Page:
The case of the largest deforested area in Brazil in the last 18 months reveals an upward trend in criminal deforestation of non-designated public forests. Data from the Amazon Environmental Research Institute (Ipam) shows that between August 2019 and July 2020, 226.5 thousand hectares of undesignated forest areas were deforested. This represents 20% of all destruction recorded in the Amazon in the period.
In the case of the area deforested by Augustinho Alba, access for tractors and machines used to cut trees was facilitated by the proximity to the BR-163 federal highway, a significant axis of environmental destruction. The polygon is just 12 kilometers from the highway, in a section between Cuiabá (State of Mato Grosso) and Santarém (State of Pará), approximately 1780km from each other, the paving of which was finished this year.
A large part of the road was granted by the government to the private sector for ten years. It is used mainly by trucks taking soy and other commodities from producing areas to ports for exportation. A report by InfoAmazonia showed that deforestation exploded 359% along the highway from the border with Mato Grosso in the south to the town of Castelo dos Sonhos in Altamira’s northern edge in the first four months of this year alone, compared to the same period in 2020.
The highway enabled access to previously preserved areas. According to Imazon researcher Antônio Fonseca, deforestation is spreading from the Arc of Deforestation to previously untouched areas of the Amazon, breaking monthly, rather than annual, records. “This occurs above all with the formation of pastures for the illegal occupation of federal ‘vacant’ lands. Then they try to legalize the crime and get credit from banks by enrolling in the Rural Environmental Registry, the CAR. They also act against land title regularization and the creation of protected areas”, he said.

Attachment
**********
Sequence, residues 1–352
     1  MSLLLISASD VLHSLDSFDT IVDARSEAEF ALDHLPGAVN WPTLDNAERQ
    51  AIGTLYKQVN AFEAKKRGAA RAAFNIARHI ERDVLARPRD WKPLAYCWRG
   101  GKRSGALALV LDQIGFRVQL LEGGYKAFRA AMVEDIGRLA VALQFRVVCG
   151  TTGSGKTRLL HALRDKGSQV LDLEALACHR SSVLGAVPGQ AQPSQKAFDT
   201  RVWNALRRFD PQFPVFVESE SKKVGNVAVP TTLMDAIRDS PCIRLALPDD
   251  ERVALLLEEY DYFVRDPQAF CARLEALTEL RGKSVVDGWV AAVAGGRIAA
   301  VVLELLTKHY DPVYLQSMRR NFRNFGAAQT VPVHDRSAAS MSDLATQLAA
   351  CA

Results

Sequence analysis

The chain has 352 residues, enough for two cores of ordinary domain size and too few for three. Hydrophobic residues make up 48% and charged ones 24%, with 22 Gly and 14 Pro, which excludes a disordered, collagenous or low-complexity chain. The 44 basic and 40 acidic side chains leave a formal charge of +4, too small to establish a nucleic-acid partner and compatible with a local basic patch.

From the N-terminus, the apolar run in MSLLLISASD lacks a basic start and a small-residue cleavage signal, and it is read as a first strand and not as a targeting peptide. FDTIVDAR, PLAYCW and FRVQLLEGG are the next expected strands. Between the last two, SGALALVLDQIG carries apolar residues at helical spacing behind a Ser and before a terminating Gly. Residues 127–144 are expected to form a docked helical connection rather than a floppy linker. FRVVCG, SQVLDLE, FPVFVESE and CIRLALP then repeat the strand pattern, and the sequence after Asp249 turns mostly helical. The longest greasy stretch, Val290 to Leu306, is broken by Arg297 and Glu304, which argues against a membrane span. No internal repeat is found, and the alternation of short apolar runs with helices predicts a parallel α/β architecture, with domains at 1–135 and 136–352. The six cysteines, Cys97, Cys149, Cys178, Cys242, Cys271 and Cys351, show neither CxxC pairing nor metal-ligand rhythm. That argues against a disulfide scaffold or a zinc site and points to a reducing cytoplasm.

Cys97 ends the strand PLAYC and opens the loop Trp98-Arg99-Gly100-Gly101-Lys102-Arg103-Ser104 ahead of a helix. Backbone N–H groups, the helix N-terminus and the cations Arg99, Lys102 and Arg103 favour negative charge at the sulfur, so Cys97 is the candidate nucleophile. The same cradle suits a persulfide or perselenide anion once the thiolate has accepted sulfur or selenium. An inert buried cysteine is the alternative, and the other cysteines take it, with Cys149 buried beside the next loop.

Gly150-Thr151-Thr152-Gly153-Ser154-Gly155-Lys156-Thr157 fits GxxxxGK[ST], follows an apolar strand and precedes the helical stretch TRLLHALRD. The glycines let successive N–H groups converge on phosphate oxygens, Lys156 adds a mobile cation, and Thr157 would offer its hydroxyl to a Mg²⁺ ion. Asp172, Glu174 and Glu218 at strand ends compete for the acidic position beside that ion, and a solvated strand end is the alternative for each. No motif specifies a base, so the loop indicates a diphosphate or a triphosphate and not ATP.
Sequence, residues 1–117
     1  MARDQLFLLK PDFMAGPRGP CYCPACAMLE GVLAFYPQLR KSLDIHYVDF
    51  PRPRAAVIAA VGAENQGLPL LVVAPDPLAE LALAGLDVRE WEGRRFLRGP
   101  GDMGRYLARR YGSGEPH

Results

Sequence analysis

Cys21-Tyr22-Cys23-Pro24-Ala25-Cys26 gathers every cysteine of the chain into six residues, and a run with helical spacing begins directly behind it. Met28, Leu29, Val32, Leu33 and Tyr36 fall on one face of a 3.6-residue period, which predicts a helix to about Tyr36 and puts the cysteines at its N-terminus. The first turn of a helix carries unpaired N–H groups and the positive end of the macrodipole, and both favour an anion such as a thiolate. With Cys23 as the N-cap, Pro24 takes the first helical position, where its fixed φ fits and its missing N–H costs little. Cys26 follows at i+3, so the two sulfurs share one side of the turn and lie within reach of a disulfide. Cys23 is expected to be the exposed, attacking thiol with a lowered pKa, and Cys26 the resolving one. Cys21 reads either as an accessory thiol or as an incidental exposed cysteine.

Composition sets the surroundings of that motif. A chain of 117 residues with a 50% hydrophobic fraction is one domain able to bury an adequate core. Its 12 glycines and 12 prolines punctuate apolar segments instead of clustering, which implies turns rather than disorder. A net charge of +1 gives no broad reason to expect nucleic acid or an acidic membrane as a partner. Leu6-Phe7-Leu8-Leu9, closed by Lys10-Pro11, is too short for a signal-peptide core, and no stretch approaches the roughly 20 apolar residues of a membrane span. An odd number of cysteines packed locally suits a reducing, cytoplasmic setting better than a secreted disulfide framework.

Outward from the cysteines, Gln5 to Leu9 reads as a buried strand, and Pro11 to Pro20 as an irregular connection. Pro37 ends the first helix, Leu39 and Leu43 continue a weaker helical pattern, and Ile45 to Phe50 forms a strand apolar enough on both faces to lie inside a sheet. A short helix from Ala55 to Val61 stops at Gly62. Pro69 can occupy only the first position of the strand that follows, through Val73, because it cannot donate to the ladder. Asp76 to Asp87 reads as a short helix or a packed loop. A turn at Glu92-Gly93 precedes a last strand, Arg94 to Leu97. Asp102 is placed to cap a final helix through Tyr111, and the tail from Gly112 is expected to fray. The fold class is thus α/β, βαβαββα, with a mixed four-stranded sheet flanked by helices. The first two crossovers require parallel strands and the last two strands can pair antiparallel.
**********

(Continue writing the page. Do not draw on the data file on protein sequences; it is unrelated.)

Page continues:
Parallel to the BR-163 route, the Ferrogrão project could further expand the already intense land grabbing and deforestation in Pará and Mato Grosso. A study by the Federal University of Minas Gerais estimates that the 1,000 km of railroad between Sinop (MT) and Itaituba (PA) will affect 4.9 million hectares of protected areas in municipalities that already accumulate 1.3 million hectares of illegal deforestation.
Also of interest is the region of Altamira, since it is surrounded by protected areas rich in wood and other natural resources, such as the Serra do Cachimbo Biological Reserve and the Menkragnoti and Baú indigenous lands. The Kayapó live in these lands, along with isolated groups with little or no contact with other indigenous peoples or with the urban population. A swathe of deforestation laying bare 6,500 hectares almost reaches the banks of the Curuá River.
Pará, the state with the most deforestation in the legal Amazon, also concentrates the largest number of Federal Public Ministry (MPF) actions against deforestation – the lawsuits are carried out in secrecy, and it is not possible to obtain the names of those accused. From January 2019 to June last year, there were 704 lawsuits pertaining to illegal deforestation in the state. It is the highest rate among the Amazonian states in the period. Of the total actions, 127 were in Altamira, where Augustinho Alba was caught for deforestation, and 65 in neighboring Novo Progresso. In March of this year, as a result of previously filed lawsuits, three farmers were sentenced to pay a sum of US$ 1,68 million (R$6.8 million) in compensation for deforesting 1,680 hectares in these municipalities – Augustinho Alba is responsible for the deforestation of an area 2.5 times as large.